Outdoor Flag Polyester: Tear-resistant lightweight knitted fabric with excellent thru-print (3.25oz/yd²)
Jolly Roger: DI8103
Francis Spriggs/Edward Low: DI8123
Stede Bonnet: DI8124
Christopher Moody: DI8125
Emanuel Wynn: DI8126
John Quelch: DI8127
Thomas Tew: DI8128
Calico Jack: DI8129
Henry "Long Ben" Every: DI8130
Bartholomew Roberts: DI8131
Edward "Blackbeard" Teach: DI8132
Bartholomew Roberts ABH AMH: DI8136
Ghost Pirate Ship: DI8134
Dead Man's Chest: DI8135
Red Bandana Jolly Roger: DI8133
Flag & Hand-Held Flagpole
Pre-printed flag Tangle-free aluminum flagpole Removable black handle
Flag & Wall-Mounted Flagpole
Pre-printed flag Tangle-free aluminum flagpole Removable black handle 180° adjustable wall mount
Flag & Pole-Mounted Flagpole
Pre-printed flag Tangle-free aluminum flagpole Removable black handle 180° adjustable wall mount (2) 40" steel bands
Flag & Ground-Mounted Flagpole
Pre-printed flag Aluminum flagpole PVC tube for ground installation
Some quick pirate flag facts:
White skull-and-crossbones design traces all the way back to the 18th century.
First referred to as a Jolly Roger in Charles Johnson’s “A General History of Pyrates,” published in 1724.
Standard design of a white skull and crossed bones over a black flag, but many historical variations exist.
The Origins of the Pirate Flag
The first Jolly Roger pirate flags that were actually called “Jolly Rogers” were flown by Bartholomew Roberts in 1721 and Francis Spriggs in 1723. Both of their designs were different from what we consider the traditional pirate flag to be.
Much like all flags used throughout history, the purpose of the Jolly Roger was to send a message to other ships. In this case, the flag announced that the people flying the flag were pirates and that if the other ship surrendered, the crew would shown mercy and allowed to live.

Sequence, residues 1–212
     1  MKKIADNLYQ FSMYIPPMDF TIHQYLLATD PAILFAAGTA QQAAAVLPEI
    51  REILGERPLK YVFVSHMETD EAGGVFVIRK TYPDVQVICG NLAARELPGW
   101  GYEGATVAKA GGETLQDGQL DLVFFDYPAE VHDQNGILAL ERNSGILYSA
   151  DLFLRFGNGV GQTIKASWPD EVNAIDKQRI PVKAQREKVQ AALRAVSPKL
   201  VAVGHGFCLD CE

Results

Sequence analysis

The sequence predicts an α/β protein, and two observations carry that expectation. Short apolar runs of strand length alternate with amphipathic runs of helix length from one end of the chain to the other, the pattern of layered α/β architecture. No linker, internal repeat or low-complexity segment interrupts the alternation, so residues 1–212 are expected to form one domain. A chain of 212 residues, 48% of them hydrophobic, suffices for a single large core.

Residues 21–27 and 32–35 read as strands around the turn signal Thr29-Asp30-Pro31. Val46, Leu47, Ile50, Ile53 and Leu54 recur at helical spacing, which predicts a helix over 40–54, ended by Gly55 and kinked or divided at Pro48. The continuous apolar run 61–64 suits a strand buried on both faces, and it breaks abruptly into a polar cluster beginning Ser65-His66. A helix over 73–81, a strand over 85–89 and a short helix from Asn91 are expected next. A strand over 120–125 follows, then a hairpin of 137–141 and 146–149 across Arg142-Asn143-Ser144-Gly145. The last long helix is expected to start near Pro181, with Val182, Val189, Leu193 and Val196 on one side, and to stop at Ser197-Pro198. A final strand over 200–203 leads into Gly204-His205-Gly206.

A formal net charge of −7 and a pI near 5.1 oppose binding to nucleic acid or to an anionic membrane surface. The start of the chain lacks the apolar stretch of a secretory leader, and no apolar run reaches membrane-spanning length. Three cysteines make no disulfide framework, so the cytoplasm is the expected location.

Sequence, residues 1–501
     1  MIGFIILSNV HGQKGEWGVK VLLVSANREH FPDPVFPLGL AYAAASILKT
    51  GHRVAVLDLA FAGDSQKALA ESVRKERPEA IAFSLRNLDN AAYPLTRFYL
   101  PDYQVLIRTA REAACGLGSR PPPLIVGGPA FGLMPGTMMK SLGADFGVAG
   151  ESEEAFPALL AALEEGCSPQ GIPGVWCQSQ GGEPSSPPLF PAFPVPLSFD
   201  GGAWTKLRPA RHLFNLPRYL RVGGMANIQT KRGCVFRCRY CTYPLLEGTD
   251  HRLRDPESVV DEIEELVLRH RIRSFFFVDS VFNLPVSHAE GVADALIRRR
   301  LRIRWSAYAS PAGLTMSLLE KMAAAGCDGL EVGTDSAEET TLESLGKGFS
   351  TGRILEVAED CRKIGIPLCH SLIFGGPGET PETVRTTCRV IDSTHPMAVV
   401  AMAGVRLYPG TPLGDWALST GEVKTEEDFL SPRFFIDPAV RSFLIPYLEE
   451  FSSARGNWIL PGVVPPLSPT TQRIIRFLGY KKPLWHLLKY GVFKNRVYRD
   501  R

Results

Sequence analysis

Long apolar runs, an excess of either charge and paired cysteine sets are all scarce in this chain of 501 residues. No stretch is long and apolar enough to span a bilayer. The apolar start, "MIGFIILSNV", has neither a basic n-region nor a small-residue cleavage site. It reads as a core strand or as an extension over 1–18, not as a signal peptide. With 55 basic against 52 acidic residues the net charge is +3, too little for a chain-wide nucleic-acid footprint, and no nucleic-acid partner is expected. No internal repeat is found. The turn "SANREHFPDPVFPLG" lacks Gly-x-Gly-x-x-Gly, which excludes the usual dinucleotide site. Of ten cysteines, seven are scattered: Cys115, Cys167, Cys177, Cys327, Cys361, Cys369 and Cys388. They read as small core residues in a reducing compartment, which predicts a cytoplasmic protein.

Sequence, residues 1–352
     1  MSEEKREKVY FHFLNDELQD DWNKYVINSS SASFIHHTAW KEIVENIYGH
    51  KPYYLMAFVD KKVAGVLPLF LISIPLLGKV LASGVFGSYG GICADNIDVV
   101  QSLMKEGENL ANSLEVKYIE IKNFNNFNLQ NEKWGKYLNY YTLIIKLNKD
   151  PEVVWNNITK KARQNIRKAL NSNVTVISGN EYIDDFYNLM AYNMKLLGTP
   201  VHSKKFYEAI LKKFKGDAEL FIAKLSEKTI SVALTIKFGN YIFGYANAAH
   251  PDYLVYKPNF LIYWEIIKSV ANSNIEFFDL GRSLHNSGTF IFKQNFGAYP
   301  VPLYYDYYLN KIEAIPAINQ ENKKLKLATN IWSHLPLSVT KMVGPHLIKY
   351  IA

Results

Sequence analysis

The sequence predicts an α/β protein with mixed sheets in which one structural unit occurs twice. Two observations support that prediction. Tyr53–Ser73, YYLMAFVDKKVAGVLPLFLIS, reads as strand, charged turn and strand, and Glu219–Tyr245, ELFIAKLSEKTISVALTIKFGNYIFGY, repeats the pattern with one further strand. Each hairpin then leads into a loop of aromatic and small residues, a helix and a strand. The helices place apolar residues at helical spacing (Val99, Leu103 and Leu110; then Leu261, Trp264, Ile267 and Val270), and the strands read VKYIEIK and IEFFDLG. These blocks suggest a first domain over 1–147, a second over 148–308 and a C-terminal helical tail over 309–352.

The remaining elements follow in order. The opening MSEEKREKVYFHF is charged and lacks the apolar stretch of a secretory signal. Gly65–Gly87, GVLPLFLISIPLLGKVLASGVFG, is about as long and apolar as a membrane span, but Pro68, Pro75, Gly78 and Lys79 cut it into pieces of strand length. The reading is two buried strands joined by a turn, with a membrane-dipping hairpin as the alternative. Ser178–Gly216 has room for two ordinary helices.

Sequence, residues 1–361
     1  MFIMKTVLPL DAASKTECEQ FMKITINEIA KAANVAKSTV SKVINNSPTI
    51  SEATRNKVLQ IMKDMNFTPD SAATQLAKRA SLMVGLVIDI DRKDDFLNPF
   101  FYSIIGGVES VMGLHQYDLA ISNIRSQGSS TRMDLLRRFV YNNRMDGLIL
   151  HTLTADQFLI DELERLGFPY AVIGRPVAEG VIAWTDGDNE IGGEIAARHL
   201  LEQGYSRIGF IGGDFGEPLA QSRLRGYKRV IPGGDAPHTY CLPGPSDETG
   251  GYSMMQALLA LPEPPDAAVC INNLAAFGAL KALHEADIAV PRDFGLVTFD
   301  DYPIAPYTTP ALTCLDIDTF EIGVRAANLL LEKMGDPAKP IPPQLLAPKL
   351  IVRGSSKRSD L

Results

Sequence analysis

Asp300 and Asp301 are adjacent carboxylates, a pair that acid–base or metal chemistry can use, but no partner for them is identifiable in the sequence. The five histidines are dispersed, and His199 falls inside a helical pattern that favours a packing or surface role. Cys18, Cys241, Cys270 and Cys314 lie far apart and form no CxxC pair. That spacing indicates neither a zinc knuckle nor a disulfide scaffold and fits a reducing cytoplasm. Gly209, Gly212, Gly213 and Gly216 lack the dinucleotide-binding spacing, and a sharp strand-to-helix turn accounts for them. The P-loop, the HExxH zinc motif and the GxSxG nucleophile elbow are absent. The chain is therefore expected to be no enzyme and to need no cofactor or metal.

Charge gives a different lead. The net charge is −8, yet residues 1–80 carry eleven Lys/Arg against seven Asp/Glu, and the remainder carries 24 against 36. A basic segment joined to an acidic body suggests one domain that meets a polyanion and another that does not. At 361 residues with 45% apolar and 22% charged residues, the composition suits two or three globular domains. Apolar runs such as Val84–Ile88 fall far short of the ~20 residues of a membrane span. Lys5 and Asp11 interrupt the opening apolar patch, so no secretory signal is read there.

Historical records show that most pirate ships had two versions of the Jolly Roger – one on a black background and the other on a red background. The black flag was raised as both an announcement that the ship’s crew was pirates and a request for surrender. If the opposing crew did not surrender, the black flag would be lowered. The red flag would be raised in its place – this time, to indicate that no mercy would be given.
The earliest use of a black flag with a white skull, crossbones and an hourglass is credited to the French pirate captain Emanuel Wynn in 1700. The hourglass image was then picked up by other pirates. It is used in several famous pirate flags, including those of Walter Kennedy, Bartholomew Roberts, and Jean Thomas Dulaien.
The skull-and-crossbones design of the Jolly Roger flag has been used in many different styles and variations. Many different pirates have used it, including “Black Sam” Bellamy, Christopher Condent and Edward England. At least one possible variation with a pair of crossed swords was flown by Calico Jack Rackham.
Other pirates chose different designs entirely.
Edward Low flew either a red skeleton on a black background or a white skeleton with an hourglass in one hand and a dart in the other. John Quelch flew a flag that is much the same as Low’s second design.
Bartholomew Roberts’ most-known flag got rid of the skeleton entirely -- it was Roberts, sword in hand, standing on two skulls labeled with the letters “ABH” and “AMH,” respectively.
Why are pirate flags called Jolly Rogers?
While several pirates have called their specific flags “Jolly Roger,” there are still several theories as to how the name arose as a catch-all term for pirate flags of all kinds.
One theory says that the name came from the French term “jolie rouge,” meaning “pretty red”. This referred to the red flag pirates flew as a way to tell their victims that no mercy would be given.
Another theory states that the term is simply a corruption of the phrase “Ali Raja,” meaning “King of the Sea.”
However, the most widely accepted theory is that “Jolly Roger” is simply a combination of the English term “roger,” meaning “wandering vagabond,” and the fact that Devil was referred to as “Old Roger” around the time the flags were flown – putting a picture of the Devil on a pirate flag was quite common.
Some pirate facts:
The Golden Age of Piracy lasted from 1685 to 1730.
The earliest pirates date back to the time of the Greeks and Romans.
One of the most successful pirates was a Chinese woman named Ching Shih, who commanded over 300 ships.
The most successful Western pirate was Henry Every, who, along with Thomas Tew, captured an Ottoman prize ship worth £600,000, equivalent to £52 million in 2010.